Now repeat this entire process with the second peyote stitch band.

4. Inspect Your Progress

Both peyote bands stitched on
Both peyote bands stitched onto a herringbone beaded rope.

I'm including this step to show you a photo of what both ends of the tube should look like after the narrow bands of beadwork have been stitched on.

5. Make the Beaded Toggle Bar

A completed toggle bar with 17 columns
A completed toggle bar with 17 columns and the thread exiting the middle bead.

Using a new length of a few feet of thread and Delicas, make a swatch of flat odd count peyote stitch with eight rows and at least 17 columns. I say "at least" because anything shorter will not be very secure when latched in the toggle ring, and you can go several columns longer if you plan to wear your jewelry loosely or have any concerns about the toggle remaining latched. Just make sure that you have an odd number of columns.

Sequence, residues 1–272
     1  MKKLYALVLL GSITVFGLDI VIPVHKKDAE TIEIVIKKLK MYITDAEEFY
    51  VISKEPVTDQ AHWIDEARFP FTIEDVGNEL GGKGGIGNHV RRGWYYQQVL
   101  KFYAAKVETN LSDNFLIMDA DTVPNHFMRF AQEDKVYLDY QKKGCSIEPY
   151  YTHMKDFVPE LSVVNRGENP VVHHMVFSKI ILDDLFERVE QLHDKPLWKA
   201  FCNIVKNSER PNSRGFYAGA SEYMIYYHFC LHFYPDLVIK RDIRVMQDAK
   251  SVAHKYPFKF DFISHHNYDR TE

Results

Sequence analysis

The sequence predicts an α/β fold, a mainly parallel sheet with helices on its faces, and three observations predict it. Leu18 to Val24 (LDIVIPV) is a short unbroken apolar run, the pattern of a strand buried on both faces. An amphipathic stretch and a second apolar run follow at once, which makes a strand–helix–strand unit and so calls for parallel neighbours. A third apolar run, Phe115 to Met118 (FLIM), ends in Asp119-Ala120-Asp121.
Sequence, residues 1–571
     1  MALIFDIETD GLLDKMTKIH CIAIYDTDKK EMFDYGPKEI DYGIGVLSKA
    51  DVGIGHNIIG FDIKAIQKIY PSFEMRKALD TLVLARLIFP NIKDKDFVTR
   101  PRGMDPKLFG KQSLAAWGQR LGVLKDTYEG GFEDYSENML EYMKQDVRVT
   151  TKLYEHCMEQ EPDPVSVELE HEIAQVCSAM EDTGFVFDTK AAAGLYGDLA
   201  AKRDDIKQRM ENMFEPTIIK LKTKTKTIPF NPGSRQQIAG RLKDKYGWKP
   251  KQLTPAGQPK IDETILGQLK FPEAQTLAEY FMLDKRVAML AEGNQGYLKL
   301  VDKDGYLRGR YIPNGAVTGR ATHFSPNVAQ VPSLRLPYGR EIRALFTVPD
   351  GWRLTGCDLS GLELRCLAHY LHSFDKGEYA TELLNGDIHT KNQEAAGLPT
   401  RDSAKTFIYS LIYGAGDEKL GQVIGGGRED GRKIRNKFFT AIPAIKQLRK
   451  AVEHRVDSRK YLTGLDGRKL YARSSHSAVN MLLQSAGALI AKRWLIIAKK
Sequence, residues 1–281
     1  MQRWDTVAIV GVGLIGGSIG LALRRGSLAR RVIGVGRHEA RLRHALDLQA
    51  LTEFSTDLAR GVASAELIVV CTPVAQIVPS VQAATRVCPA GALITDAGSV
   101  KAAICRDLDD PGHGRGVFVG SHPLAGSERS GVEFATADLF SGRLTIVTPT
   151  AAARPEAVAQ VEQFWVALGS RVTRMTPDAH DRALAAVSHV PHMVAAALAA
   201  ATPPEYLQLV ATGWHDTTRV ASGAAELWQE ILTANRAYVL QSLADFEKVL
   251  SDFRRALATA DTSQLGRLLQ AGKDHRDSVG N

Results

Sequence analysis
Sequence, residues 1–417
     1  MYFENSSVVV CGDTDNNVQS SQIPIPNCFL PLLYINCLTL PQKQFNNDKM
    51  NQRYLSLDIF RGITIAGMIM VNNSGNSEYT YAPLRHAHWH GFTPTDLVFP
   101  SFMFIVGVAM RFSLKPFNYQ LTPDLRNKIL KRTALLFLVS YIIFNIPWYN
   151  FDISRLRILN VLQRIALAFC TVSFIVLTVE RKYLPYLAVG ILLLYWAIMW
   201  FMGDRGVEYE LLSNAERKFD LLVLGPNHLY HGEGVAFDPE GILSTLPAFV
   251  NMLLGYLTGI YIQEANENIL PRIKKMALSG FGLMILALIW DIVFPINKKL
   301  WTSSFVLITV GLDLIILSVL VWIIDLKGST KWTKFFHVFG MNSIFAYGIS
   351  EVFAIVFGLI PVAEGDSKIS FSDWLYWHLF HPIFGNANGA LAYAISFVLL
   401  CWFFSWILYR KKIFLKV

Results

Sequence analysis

Leave a thread tail that is at least 10 inches long when you start. Zip up the ends to make a dense cylinder.

Weave-in and trim off the working end of the thread, and thread the needle onto the thread tail. Weave through the beadwork and bring the thread out through a bead at the very middle of the cylinder.

6. Begin Stitching the Toggle Bar Onto the Longer Band

Needle on the thread that exits the toggle bar
Needle on the thread that exits the toggle bar being passed into the correct bead.

The toggle bar needs to be attached to the longer of the two bands that you previously stitched onto the tubular herringbone rope. Start by squeezing that band flat between your fingers and locating the beads positioned at its very middle; these will be two edge beads (rather than a single bead in the middle of the band). Pass through one of those edge beads, going from the center toward the edge.